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The Honest Truth
A lot or a little?
The parents' guide to what's in this book.
What parents need to know
Parents need to know that The Honest Truth is about a 12-year-old boy named Mark, who has cancer and is sick throughout much of the book. He runs away from his home in Wenatchee, Washington, causing great worry for his family, and travels more than 200 miles to climb Mt. Rainier. He's often in peril: He's beaten up by a group of teens; he and his dog fall into freezing water; his dog falls down a crevice and almost dies; and Mark almost dies of exposure. Mark's often angry and rude, but he has nice moments, too, such as when he cheers up a little girl on a bus or leaves a good-bye note for his loyal best friend. Mark’s relationship with Jess is sweet: The author created a boy and girl best friend, and there's nothing even mildly flirty to their relationship. There are a few uses of "crap," "crappy," and "hell." A man drinks coffee and smokes a cigar. Eventually, Mark learns to let go of his anger as he realizes he's never alone so long as he's around people who love him. Short chapters make this a quick read. The Honest Truth could provoke meaningful conversations about when you should and shouldn't keep a secret for a friend.
- Parents say
- Kids say
What's the story?
Mark, age 12, has fought cancer since he was 5, and now that it's back, he decides to run away. He heads to Mt. Rainier (traveling 263 miles by train, bus, and hitched ride) with his loyal dog, Beau, by his side, planning to achieve his dream of climbing the mountain. The only person he tells is his loyal friend Jess, and he asks her to keep his secret. Along the way, he faces thugs who beat him up but also "angels" who feed him, give him a ride, and offer other kinds of support. But what will happen to Mark -- and Beau -- when they reach their destination at last?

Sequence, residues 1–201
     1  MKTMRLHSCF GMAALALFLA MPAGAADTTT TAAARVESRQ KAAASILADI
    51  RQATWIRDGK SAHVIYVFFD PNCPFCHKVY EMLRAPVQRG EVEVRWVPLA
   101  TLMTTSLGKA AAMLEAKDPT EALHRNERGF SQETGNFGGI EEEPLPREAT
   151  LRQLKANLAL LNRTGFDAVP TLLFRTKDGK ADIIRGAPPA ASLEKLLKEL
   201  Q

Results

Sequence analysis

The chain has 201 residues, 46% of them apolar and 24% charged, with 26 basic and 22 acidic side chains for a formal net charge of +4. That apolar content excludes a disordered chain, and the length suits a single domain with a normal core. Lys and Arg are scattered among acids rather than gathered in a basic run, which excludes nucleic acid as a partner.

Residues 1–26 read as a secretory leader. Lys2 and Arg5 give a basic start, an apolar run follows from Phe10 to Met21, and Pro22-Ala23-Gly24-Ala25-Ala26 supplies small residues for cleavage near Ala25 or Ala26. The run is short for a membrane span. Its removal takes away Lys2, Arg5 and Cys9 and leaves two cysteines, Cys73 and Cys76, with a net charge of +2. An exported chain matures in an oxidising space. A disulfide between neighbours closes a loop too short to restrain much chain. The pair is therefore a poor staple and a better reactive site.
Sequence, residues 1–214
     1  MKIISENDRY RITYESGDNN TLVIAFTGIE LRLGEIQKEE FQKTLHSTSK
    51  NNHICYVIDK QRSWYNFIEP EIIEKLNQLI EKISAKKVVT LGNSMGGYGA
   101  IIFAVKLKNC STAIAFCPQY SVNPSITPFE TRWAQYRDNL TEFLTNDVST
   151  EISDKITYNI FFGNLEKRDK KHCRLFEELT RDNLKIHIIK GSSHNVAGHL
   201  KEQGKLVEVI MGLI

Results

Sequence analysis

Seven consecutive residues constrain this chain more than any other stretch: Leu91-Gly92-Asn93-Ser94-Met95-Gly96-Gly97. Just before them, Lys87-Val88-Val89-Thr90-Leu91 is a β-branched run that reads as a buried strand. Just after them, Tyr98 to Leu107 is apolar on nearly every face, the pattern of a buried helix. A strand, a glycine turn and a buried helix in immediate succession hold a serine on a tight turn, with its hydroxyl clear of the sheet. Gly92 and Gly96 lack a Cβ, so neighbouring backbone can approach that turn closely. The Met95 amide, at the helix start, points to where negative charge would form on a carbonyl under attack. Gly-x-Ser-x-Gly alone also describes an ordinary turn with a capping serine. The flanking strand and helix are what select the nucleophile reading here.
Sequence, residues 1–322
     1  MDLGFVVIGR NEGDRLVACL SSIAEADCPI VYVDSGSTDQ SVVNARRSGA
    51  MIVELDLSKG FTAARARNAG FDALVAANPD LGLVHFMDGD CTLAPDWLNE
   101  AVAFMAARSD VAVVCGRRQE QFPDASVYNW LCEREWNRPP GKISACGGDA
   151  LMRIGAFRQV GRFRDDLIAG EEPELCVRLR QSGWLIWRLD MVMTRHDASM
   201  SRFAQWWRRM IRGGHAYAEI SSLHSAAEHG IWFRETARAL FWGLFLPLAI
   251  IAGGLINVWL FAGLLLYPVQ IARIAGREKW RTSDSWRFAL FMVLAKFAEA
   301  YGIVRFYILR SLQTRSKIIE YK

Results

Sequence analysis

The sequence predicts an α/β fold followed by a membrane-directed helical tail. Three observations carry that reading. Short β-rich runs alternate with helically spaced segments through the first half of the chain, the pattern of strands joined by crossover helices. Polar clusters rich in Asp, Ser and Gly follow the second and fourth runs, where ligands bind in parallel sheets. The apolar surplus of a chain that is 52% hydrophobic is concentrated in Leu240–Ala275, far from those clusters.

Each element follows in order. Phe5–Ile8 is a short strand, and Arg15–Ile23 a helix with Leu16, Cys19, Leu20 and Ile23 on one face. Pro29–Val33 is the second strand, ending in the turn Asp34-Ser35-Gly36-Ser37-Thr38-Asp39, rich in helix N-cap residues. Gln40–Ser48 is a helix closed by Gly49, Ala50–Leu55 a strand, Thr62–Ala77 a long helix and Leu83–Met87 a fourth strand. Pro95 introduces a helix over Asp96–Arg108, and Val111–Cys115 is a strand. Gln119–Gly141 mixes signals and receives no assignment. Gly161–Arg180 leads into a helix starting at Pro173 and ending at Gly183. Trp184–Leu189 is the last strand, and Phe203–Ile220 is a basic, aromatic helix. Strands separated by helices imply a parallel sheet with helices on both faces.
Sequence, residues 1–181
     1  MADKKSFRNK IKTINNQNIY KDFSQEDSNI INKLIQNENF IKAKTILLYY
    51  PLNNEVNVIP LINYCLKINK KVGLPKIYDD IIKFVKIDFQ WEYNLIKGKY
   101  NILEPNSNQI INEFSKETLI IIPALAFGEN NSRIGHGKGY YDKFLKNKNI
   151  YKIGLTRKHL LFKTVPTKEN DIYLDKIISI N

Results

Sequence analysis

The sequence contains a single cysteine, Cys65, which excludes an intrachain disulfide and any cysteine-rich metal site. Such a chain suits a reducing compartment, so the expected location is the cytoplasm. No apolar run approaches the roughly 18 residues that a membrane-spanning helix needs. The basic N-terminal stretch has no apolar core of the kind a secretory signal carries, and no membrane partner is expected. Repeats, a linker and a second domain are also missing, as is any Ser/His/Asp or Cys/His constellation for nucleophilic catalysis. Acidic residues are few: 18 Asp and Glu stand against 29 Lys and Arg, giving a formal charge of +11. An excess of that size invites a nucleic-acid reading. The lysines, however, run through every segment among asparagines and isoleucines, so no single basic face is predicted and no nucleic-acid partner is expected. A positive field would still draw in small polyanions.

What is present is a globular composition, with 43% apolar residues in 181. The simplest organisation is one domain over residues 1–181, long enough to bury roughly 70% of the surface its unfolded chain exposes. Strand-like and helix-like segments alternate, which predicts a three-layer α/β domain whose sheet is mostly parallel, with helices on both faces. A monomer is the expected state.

Is it any good?
The writing is a mixed bag: There's some lovely and powerful imagery, but some interactions -- especially those involving children -- are a bit too scripted to be believed. For example, when a younger Mark confesses to Jess how scared he is about his cancer and why he must keep his fear a secret, he says, "I can't hold it all by myself, Jess. It's too much. Can I cry with you?" The premise of THE HONEST TRUTH is sad and chilling, and many of the things Mark experiences when he runs away -- from being very nauseated by his cancer to being beaten up by a group of mean teenagers -- are intense to read about.
In some ways this novel feels constructed to make a point to readers, but ultimately it has a sweet message about the power of love.
Talk to your kids about ...
Families can talk about secrets. Would you have kept Mark's secret the way Jess promised to, even when Mark was missing?
Why do you think stories of kids and teens with serious illnesses are so popular?
Mark talks about being lonely during his bouts with cancer. Can you think of some ways you could spread kindness to kids who are in the hospital?
Themes & Topics
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Common Sense Media's unbiased ratings are created by expert reviewers and aren't influenced by the product's creators or by any of our funders, affiliates, or partners.